Social Indicators of Vulnerability to Floods: An Empirical Case Study in Two Upper Tisza Flood Basins

  • Anna VáriEmail author
  • Zoltan Ferencz
  • Stefan Hochrainer-Stigler
Part of the Advances in Natural and Technological Hazards Research book series (NTHR, volume 32)


This chapter aims to develop indicators of social vulnerability related to flood impacts on the regional level. Impacts are seen here as a function of the exposure as well as the vulnerability dimensions. Because key vulnerability factors include several variables that cannot be found in statistical databases, such as preparedness to the hazard, mental coping capacity, social relations, and trust, an approach based on questionnaire surveys instead of only using statistical data from institutions was chosen. The analysis is based on an empirical survey conducted in the Bodrogköz area and in the Bereg region within the Tisza flood basins. We found that while the most important variables influencing impacts were the exposure level and the geographic location, the most important factors of vulnerability were found to be the following: health, education, savings, opportunities of taking loans, trust in the members of the community and in institutions, and perception of preparedness of institutions against floods. Based on the results we give some policy recommendations with regard to increasing the resilience of the exposed communities. These include: increasing public spending on education, strengthening social cohesion, introducing contingency loans so that borrowing is feasible also for the poorer communities and improving flood preparedness by providing relevant information for inhabitants.


Vulnerability to floods Empirical survey Case study Upper Tisza river basin 


  1. Alcamo J, Moreno JM, Nováky B, Bindi M, Corobov R, Devoy RJN et al (2007) Europe. Climate change 2007: impacts, adaptation and vulnerability. Contribution of working group II to the fourth assessment report of the intergovernmental panel on climate change. In: Parry ML, Canziani OF, Palutikof JP, van der Linden PJ, Hanson CE (eds) Climate change 2007: impacts, adaptation and vulnerability. Cambridge University Press, Cambridge, pp 541–580Google Scholar
  2. Cutter SL (2005) The geography of social vulnerability: race, class, and catastrophe, in Social science research council, Understanding Katrina: perspectives from the social sciences. Accessed 01 Jan 2010
  3. Fukuyama F (1996) Trust: the social virtues and the creation of prosperity. The Free Press, New YorkGoogle Scholar
  4. Glatron S, Beck E (2008) Evaluation of socio-spatial vulnerability of city dwellers and analysis of risk perception: industrial and seismic risks in Mulhouse. Nat Hazards Earth Syst Sci 8:1029–1040CrossRefGoogle Scholar
  5. IPCC (2007) Fourth assessment report: climate change (AR4)Google Scholar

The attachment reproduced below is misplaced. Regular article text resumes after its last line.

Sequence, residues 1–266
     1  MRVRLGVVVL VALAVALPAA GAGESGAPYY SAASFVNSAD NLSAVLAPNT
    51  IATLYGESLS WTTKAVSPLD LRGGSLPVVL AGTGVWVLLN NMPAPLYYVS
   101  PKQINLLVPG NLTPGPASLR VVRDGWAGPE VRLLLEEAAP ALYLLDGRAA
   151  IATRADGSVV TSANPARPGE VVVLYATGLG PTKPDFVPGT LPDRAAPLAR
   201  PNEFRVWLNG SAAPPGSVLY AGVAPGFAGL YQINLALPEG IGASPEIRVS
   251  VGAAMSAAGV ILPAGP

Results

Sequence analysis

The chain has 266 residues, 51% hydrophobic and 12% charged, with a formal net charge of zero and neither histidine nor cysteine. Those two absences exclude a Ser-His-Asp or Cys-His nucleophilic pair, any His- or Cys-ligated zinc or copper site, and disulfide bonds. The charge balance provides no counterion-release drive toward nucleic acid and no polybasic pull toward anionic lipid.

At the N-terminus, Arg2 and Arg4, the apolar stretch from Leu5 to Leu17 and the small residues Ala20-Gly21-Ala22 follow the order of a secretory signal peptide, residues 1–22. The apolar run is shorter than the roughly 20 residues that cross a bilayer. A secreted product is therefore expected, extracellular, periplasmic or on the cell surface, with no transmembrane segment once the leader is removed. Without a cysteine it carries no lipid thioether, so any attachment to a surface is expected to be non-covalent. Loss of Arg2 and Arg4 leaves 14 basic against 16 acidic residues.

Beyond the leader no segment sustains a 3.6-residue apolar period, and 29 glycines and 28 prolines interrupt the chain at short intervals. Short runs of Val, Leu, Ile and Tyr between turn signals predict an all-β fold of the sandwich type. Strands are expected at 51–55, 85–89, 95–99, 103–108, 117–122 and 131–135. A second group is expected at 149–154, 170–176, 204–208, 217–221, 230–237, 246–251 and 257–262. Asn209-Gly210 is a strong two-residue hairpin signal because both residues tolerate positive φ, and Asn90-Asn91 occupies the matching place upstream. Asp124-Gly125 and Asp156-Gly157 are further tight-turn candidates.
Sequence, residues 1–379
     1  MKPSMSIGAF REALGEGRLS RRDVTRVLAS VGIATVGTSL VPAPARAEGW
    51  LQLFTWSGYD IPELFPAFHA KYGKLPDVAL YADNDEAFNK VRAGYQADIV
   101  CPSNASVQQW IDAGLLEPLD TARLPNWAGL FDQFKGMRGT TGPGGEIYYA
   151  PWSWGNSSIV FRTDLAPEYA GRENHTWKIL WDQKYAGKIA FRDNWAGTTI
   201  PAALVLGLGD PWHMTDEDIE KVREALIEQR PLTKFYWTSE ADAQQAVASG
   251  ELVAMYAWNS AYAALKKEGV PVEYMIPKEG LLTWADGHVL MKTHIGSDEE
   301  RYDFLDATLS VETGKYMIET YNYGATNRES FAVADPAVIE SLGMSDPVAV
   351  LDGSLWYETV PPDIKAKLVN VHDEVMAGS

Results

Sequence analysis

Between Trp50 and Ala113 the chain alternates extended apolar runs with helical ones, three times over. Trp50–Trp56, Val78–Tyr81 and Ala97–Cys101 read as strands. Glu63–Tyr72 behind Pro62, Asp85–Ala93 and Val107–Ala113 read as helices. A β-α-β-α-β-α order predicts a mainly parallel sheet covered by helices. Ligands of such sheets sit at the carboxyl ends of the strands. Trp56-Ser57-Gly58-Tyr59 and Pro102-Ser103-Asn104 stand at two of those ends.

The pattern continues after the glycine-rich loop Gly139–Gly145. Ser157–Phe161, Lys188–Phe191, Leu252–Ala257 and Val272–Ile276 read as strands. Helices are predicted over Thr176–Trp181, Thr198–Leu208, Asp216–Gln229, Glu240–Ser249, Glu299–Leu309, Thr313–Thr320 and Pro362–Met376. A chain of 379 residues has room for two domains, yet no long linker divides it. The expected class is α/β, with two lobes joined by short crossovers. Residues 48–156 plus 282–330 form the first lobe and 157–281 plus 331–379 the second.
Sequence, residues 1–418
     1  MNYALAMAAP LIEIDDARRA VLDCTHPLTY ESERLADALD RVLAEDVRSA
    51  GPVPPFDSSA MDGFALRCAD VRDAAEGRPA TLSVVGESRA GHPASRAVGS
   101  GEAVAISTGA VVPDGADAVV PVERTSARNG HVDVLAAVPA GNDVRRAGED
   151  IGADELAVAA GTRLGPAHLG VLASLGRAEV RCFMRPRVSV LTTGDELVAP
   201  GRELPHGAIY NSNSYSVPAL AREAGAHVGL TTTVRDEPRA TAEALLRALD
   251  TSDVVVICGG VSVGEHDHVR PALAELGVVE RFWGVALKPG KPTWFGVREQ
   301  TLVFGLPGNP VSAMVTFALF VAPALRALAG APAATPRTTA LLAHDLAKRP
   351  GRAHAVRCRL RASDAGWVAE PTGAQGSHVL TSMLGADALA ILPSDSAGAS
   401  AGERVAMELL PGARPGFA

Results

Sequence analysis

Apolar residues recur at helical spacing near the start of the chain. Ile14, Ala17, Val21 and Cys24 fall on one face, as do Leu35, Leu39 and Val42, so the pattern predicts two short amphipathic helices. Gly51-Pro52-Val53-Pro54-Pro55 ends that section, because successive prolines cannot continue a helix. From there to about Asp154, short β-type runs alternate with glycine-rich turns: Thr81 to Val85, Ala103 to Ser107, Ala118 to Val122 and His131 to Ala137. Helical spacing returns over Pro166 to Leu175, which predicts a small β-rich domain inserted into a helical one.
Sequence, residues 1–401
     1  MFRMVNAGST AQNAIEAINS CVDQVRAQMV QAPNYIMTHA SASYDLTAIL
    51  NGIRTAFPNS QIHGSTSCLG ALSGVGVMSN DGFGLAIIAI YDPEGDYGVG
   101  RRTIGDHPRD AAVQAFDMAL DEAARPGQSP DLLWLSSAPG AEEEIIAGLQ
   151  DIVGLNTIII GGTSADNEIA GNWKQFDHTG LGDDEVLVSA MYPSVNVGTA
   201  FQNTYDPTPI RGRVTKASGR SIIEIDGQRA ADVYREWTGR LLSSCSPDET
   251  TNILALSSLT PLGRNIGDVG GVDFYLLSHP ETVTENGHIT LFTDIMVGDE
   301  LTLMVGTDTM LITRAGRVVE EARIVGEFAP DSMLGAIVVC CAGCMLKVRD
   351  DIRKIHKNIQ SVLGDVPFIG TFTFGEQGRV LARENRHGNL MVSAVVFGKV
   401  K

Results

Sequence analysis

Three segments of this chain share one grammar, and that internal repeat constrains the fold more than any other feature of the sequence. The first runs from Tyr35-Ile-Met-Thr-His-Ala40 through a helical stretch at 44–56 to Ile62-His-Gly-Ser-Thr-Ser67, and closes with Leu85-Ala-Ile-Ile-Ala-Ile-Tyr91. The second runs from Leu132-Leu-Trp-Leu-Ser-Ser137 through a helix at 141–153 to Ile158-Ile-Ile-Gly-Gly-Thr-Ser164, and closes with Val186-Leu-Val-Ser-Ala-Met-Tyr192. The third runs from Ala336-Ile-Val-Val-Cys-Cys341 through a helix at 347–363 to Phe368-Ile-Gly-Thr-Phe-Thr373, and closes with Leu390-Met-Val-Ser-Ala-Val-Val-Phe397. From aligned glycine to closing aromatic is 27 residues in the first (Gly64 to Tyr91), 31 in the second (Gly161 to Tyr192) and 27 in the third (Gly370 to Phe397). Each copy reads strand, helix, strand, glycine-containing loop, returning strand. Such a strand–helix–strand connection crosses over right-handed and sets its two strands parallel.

6. Kohler A, Jülich S, Bloemertz L (2004) Guidelines. Risk analysis – a basis for disaster risk management. Deutsche Gesellschaft für Technische Zusammenarbeit (GTZ) GmbH, EschbornGoogle Scholar
  7. Linnerooth-Bayer J, Mechler R, Pflug G (2005) Refocusing disaster aid. Science 309(5737):1044–1046CrossRefGoogle Scholar
  8. Newton K (2001) Trust, social capital, civic society and democracy. Int Pol Sci Rev 22(2):201–214CrossRefGoogle Scholar
  9. Parry ML, Canziani OF, Palutikof J, van der Linden P, Hanson C (eds) (2007) Climate change 2007: impacts, adaptation and vulnerability. Contribution of working group II to the fourth assessment report of the intergovernmental panel on climate change. Cambridge University Press, CambridgeGoogle Scholar
  10. Putnam RD (1993) Making democracy work: civic traditions in modern Italy. Princeton University Press, PrincetonGoogle Scholar
  11. Turner MG, Collins S, Lugo A et al (2003) Long-term ecological research on disturbance and ecological response. Bioscience 53:46–56CrossRefGoogle Scholar
  12. UNISDR (2003) Terminology on disaster risk reduction. Accessed 01 Jan 2010
  13. UNU-EHS United Nations University Institute for Environmental and Human Security (2005) Vulnerability assessment in the context of disaster-risk, a conceptual and methodological review. United Nations University, BonnGoogle Scholar
  14. Utasi A (ed) (2006) Resources of subjective quality-of-life: security and relationships. HAS Institute of Political Sciences, Budapest (in Hungarian)Google Scholar
  15. Vári A, Ferencz Z (2006) Flood research from a social perspective: the case of the Tisza river in Hungary. In: Tchigurinskaia I, Ni Ni Thein K, Hubert P (eds) Frontiers in flood research, IAHS publication 305. IAHS Press, Wallingford, pp 155–172Google Scholar
  16. Walker B, Carpenter S, Anderes J, Abel N, Cumming G, Jansen M et al (2002) Resilience management in social-ecological systems: a working hypothesis for a participatory A. Conserv Ecol 6(1):14Google Scholar

Copyright information

© Springer Science+Business Media Dordrecht 2013

Authors and Affiliations

  • Anna Vári
    • 1
    Email author
  • Zoltan Ferencz
    • 1
  • Stefan Hochrainer-Stigler
    • 2
  1. 1.Institute of SociologyHungarian Academy of SciencesBudapestHungary
  2. 2.International Institute for Applied Systems Analysis (IIASA)LaxenburgAustria

Personalised recommendations